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Final Fantasy Tactics is a spin-off title that focuses more on tactical role-playing gameplay. In Tactics, you are able to recruit many different soldiers throughout your quest. Recruiting some of these soldiers is completely optional, including recruiting a blond hair warrior name Cloud. Cloud in Tactics is evidently meant to be the same as Cloud Strife from Final Fantasy VII. They even have the same giant sword and pointy hair. The player will come across Cloud trying to save a flower girl from some thugs. The player can help Cloud fight off the thugs. After they help him, Cloud will join the group.

7 On The Way To A Smile (Final Fantasy VII: Advent Children)

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On the Way to a Smile is a set of short stories that focuses on the characters of Final Fantasy VII after the events of the main game, yet before the Advent Children movie. There’s an original video animation based on one of the stories of On the Way to a Smile that reveals the backstory of Denzel. The other stories have yet to be adapted, which is a shame since the stories do reveal important backstory to the main characters after they saved the Earth. The stories revealed what happened to Rufus Shinra after nearly perishing in Final Fantasy VII.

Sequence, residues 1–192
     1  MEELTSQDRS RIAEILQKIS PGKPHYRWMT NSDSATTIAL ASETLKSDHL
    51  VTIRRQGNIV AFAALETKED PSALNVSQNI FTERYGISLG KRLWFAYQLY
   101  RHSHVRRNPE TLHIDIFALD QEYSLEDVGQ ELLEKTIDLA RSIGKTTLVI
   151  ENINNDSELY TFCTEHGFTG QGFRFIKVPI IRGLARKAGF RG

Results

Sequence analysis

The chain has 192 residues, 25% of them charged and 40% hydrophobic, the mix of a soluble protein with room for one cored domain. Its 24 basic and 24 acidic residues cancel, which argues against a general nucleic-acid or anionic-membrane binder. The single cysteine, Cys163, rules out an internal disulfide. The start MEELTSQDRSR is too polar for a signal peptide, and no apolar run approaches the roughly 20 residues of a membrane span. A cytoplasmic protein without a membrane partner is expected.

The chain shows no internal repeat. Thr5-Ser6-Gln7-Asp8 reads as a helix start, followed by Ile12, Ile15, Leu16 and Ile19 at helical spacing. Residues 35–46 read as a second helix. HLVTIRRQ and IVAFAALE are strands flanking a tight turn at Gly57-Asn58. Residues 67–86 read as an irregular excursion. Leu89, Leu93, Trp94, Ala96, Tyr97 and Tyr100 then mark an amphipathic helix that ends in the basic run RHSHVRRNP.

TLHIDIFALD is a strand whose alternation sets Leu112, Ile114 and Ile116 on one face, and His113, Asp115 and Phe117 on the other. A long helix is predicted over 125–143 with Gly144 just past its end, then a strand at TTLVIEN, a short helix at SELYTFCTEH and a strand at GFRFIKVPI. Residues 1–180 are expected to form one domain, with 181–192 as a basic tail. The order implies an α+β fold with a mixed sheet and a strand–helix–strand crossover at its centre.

6 Final Fantasy XV Tours

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In Final Fantasy XV, there are campsites that the player can visit and spent the night. This allows the player to skip playing in the night, and avoid fighting some of the most difficult enemies in the game. Optional sidequests can happen if you sleep in certain campsites. These optional sidequests are called Tours, and they are meant to give more development towards the main characters. You can help Prompto get a picture with Cindy, or get flowers for Gladiolus’ little sister. These Tours helps strengthen the bromance between the main four characters.

5 The Hidden Backstory Of Chaos And Cosmos (Dissidia)

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In the original Dissidia Final Fantasy, there is a war between two beings named Cosmos and Chaos. In the reports, it is revealed that Cosmos and Chaos came from a different world. Chaos was created to be a tool for war. Cosmos was created to look like Chaos’ adoptive mother, and her purpose was to convince Chaos to fight in the war. Eventually, Chaos’ power dragged them both to an alternate world, where they settle an agreement with the dragon named Shinryu to fight in a war against each other.

4 Everyone Lives (Final Fantasy Type-0)